Culver City Council Extends Commercial Eviction Moratorium Through May 31

The Culver City Council met via conference call Monday night in compliance with the County Health Department's guidelines on large groups meeting in the wake of the Covid-19 crisis.

During the conference call, which was broadcast live on the city's website, the Council voted to extend the commercial eviction moratorium through May 31, confirming the City Manager's order of April 7.

Councilmember Alex Fisch cited the orders by the governor halting evictions and foreclosures. He urged business owners to reach out early to know their options and commented that the city has "a limit of our authority" and that much of the work was needed at a federal level.

Referencing the city's financial constraints, he added that "we don't have a printing press...we are doing what we can with limited tools in an impossible situation with absolutely no playbook."

Colin Diaz, president of Culver City Chamber of Commerce, and Ron Bassilian, president of Protect Culver City, pointed out that, while there was an extended Council agenda, there wasn't one item addressing the small business community and the effect the Covid-19 is having on businesses as they try to reopen. Diaz commented that "many of our small businesses may not reopen."

Councilmember Thomas Small was taken back by the comments from Diaz as both he and Vice Mayor Goran Eriksson have participated in weekly Covid-19 webinars sponsored by the Culver City Chamber. However, Diaz's comments were apparently driven by the fact that there was nothing on the agenda addressing or dealing with the crisis small businesses are currently facing.

During the call, Council also held a discussion on the preparation of a zoning code amendment relating to the mixed-use development standards and regulations which would require a mandatory percentage of affordable housing as part of new mixed-use development projects.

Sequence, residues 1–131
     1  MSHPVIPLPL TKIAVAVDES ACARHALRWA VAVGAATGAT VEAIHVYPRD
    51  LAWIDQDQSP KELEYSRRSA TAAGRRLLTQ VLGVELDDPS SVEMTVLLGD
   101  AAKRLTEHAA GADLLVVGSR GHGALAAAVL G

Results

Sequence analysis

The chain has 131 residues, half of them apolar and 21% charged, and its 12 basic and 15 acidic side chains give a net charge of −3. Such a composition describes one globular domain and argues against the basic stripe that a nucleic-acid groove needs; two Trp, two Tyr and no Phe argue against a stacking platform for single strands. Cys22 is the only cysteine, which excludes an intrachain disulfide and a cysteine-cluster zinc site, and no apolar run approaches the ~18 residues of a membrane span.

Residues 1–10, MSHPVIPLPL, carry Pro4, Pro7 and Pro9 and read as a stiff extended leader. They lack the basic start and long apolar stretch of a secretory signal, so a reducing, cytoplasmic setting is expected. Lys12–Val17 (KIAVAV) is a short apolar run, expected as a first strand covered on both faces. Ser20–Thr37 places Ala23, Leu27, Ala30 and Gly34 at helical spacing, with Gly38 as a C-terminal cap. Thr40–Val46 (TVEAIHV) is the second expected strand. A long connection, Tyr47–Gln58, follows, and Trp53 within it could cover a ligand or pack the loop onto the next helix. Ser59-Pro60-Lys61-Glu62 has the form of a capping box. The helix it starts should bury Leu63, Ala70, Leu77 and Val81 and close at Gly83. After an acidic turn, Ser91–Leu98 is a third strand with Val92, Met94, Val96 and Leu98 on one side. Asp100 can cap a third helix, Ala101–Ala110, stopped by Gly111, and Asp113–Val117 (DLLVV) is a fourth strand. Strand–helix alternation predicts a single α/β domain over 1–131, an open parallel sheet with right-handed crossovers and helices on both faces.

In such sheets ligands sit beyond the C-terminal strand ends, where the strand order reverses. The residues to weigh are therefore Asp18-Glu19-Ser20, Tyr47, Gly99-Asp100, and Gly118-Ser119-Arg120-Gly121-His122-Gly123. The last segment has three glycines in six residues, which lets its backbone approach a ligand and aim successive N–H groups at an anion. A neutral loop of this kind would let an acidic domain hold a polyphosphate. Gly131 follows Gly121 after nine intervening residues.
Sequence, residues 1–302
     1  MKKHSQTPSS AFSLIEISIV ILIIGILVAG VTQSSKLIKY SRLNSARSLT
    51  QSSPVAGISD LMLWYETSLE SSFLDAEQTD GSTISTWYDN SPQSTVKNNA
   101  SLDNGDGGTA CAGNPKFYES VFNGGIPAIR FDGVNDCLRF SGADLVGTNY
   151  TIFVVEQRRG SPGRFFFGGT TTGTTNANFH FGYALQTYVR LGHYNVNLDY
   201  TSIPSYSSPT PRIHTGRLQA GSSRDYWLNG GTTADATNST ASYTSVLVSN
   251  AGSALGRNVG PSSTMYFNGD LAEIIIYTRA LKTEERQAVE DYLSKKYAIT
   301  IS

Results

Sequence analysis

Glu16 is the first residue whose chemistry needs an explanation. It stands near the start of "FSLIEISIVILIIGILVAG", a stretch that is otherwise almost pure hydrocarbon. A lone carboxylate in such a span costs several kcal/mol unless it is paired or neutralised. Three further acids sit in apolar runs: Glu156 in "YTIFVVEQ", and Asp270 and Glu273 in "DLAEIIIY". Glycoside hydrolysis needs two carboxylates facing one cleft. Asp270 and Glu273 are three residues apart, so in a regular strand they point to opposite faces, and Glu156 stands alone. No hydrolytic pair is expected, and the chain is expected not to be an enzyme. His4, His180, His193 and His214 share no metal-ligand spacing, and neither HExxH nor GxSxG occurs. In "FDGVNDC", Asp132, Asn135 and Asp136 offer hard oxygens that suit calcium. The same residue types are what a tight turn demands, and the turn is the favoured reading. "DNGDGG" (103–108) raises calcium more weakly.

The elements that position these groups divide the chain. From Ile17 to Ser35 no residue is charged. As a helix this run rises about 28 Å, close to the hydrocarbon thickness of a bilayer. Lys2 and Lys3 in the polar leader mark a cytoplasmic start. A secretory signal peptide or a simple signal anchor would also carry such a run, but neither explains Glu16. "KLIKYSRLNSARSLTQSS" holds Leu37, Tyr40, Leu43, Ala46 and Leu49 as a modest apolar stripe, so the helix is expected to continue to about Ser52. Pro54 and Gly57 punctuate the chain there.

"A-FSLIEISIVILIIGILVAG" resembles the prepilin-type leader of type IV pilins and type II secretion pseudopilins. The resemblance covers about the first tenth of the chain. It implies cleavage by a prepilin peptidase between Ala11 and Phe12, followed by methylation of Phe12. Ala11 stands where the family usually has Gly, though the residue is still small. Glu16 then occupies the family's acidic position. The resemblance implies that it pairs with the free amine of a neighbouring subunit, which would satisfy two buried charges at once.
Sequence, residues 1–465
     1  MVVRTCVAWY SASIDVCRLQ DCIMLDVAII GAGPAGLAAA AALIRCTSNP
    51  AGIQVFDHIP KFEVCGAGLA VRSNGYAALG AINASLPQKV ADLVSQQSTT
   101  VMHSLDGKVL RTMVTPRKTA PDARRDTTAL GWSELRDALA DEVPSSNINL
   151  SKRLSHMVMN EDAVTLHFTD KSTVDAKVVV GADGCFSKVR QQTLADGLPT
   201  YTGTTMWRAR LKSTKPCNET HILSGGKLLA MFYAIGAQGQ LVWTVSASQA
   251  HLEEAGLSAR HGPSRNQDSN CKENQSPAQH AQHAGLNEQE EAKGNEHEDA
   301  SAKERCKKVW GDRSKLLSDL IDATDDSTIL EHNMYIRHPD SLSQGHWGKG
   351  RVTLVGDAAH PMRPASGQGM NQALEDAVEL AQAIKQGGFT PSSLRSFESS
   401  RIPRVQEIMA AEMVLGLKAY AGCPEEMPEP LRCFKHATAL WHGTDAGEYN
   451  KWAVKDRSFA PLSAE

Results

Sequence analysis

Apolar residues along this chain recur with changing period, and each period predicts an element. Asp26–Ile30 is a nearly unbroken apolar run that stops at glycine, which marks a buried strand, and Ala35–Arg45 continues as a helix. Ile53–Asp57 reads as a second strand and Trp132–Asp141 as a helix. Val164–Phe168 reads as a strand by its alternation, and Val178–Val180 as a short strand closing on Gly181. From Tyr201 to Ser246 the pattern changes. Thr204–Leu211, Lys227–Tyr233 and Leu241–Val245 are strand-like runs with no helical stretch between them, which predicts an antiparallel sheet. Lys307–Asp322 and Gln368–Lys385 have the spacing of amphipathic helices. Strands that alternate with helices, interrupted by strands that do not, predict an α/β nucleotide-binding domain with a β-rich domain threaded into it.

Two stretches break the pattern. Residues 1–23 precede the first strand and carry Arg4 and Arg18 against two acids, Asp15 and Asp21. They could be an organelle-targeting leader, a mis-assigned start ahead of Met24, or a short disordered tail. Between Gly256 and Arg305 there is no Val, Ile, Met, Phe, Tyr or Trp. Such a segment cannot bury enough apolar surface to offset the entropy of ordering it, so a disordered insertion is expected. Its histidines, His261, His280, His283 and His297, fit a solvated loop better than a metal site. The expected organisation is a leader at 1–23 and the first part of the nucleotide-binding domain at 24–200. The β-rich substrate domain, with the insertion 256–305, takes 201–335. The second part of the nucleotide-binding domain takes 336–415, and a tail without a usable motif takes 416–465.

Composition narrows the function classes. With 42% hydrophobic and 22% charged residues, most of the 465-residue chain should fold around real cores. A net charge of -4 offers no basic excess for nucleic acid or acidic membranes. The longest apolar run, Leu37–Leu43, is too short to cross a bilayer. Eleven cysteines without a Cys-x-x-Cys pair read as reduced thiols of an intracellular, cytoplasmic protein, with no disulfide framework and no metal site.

The objective would be increasing the supply of housing, increase density and affordable housing in a market of rapidly rising housing costs.

Councilmember Thomas Small labeled the presentation as "the beginning of the discussion." He cited the need to balance the creation of affordable housing and not making it impossible for developers to build affordable housing. He stresses the need to reach out and begin a discussion with the development community.

Vice Mayor Goran Eriksson spoke about the change in market conditions with the current economic meltdown. "I think the proposal is a good one, but it needs to be tempered by the economic reality that we have if front of us for the next 3 to 5 years," he said.

Council remarks and input were essential to providing direction to staff on moving forward. No other action was required.

The full report by Keyser Marston Associates is available on the city's website at:

In another matter, the council reviewed the Revised Design Plans and Specifications of the La Ballona Safe Routes to School Project. The construction contract in the amount of $2,811,100 went to Toro Engineering, as the lowest bidder. Council approved a budget amendment in the amount of $674,282.66 from the SB1 Gas Tax Funds to bridge the gap in grant funding.

Vice Mayor Eriksson was concerned that with the extreme reduction in gasoline consumption, the tax funds would not be there to fund the gap. City officials assured the vice mayor that the funds would be available. Eriksson shot back: "I'm happy that you're so positive." He cautioned that funds may be needed from other sources. "I'm concerned we are jumping into that we will pay dearly for," he added.

However, Council voted unanimously for the changes.

Although the City Council election was moved to coincide with the general election in November, the city will rotate the position of mayor at the April 27 council meeting. Mayor Meghan Sahli-Wells announced she would be supporting Vice Mayor Goran Eriksson to rotate into the mayor's seat.


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